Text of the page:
The current narratives about smart cities share common keywords that may be divided into two groups. The first group includes: interconnectedness, e-Gov, ICT, data access, competitiveness, innovation, creative business, entrepreneurship, and smart mobility. And the second: safety, health, smart living, cultural vibrancy, environmental sustainability, and happiness. The first group comprises of technological tools and socio-economic conditions, mostly related to the city itself, while the second group is made up of goals and objectives that are more related to the citizens. While there is a general consensus about the presence of both groups of keywords in a comprehensive modern SC narrative, no mention is made about why and how the tools and operations in the first group should lead to the goals indicated by the second. In the SC narrative, the two groups are often connected with each other, as if ICT-based smartness is necessary and sufficient for the happiness of citizens. Interestingly, this may be true for specific subsets of citizens. Figure 1 shows an aerial photograph taken by the photographer Tuca Vieira in São Paulo, Brazil, showing how complex urban self-organization may lead to two different worlds, separated by a wall. In the upper part of Figure 1, a typical iconic representation of an SC accompanies the photograph. The reality tells us that the smartness icons concern only the right hand side of the photograph. In the SC narrative, real problems that are the root of the “un-smartness” of a city, like poverty, inequality, unemployment, illiteracy, corruption, lack of sanitary and educational structures, are just not addressed whatsoever.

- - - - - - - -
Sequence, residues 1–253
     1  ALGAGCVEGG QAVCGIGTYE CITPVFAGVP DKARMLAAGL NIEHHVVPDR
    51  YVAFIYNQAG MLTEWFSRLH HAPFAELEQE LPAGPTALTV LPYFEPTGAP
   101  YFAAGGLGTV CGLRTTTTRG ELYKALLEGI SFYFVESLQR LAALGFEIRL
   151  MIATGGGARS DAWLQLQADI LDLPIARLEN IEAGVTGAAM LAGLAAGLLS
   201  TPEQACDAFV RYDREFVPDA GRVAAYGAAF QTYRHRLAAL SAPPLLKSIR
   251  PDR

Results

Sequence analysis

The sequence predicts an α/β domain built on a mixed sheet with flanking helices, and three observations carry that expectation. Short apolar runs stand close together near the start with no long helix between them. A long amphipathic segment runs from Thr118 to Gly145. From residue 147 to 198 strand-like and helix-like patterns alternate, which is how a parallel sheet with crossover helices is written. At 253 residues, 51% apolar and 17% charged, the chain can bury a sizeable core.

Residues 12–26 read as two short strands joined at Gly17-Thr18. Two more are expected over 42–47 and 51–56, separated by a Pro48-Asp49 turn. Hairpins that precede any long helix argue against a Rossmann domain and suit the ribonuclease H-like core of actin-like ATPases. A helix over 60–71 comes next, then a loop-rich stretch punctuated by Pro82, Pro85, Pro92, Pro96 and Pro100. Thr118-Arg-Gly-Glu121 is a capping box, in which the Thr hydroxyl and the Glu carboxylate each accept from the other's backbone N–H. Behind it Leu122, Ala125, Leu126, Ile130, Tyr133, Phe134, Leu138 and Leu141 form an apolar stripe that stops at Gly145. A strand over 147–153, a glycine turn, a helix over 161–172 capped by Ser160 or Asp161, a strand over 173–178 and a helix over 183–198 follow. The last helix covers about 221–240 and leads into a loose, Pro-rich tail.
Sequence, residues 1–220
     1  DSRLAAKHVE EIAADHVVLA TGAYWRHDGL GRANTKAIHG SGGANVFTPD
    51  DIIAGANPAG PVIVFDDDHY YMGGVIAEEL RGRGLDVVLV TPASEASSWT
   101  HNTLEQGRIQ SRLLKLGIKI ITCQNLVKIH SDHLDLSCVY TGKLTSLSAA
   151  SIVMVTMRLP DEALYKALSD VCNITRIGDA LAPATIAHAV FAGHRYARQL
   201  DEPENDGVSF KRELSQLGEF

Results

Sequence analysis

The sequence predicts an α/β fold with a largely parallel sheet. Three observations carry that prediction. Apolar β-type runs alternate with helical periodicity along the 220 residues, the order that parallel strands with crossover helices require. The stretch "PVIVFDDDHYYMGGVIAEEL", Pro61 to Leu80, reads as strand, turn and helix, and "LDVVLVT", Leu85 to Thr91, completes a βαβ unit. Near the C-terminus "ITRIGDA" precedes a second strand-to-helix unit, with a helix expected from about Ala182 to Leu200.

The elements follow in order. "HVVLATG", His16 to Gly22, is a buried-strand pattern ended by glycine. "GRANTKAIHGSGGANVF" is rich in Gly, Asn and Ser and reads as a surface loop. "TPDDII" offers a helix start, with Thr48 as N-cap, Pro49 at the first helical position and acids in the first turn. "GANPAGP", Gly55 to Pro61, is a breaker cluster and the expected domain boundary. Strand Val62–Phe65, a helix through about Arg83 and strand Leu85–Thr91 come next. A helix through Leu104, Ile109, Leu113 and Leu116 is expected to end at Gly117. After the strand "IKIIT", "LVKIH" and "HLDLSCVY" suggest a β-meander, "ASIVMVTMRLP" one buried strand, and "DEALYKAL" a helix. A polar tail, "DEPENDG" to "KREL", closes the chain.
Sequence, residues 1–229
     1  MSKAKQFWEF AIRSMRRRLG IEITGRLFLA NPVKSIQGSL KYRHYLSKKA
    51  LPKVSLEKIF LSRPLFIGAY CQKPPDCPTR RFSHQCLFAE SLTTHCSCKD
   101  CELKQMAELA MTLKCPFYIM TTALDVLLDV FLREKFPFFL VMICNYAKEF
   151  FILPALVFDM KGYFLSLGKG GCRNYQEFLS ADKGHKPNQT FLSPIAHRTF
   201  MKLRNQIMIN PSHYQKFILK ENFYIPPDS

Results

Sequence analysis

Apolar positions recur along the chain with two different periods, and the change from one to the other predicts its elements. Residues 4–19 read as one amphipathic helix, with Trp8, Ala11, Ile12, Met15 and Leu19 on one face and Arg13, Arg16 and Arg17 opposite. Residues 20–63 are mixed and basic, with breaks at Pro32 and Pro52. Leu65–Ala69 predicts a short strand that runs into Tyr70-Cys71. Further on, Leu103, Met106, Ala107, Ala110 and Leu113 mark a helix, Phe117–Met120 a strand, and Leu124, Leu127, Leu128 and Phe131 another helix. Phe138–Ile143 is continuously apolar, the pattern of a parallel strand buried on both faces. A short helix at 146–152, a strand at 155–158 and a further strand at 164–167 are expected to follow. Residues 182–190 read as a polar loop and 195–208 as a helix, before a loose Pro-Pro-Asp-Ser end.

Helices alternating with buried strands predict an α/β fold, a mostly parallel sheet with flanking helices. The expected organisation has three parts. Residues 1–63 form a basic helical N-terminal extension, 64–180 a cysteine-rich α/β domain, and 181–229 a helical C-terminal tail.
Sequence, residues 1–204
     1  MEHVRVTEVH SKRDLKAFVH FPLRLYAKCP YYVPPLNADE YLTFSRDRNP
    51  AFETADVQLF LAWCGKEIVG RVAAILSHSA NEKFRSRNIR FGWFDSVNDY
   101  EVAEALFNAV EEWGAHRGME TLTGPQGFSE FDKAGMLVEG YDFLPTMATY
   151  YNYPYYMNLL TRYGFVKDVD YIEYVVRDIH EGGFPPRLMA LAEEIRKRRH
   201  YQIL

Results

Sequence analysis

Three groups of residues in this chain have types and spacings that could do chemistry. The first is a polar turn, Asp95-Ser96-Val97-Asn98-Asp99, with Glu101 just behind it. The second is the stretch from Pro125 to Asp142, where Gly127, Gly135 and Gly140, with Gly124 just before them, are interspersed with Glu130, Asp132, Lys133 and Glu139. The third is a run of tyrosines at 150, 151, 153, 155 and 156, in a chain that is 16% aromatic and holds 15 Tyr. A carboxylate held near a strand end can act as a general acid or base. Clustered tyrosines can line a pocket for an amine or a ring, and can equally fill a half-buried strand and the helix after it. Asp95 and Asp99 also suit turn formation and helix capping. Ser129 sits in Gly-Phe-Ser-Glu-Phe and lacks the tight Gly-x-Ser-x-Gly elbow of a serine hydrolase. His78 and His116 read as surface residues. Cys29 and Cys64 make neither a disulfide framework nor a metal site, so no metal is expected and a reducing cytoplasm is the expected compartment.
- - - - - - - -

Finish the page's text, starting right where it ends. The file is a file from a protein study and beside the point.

Figure 1. (Upper) An iconic representation of a smart city. (Lower) An aerial photograph of an urban area in São Paulo, Brazil (courtesy by Tuca Vieira).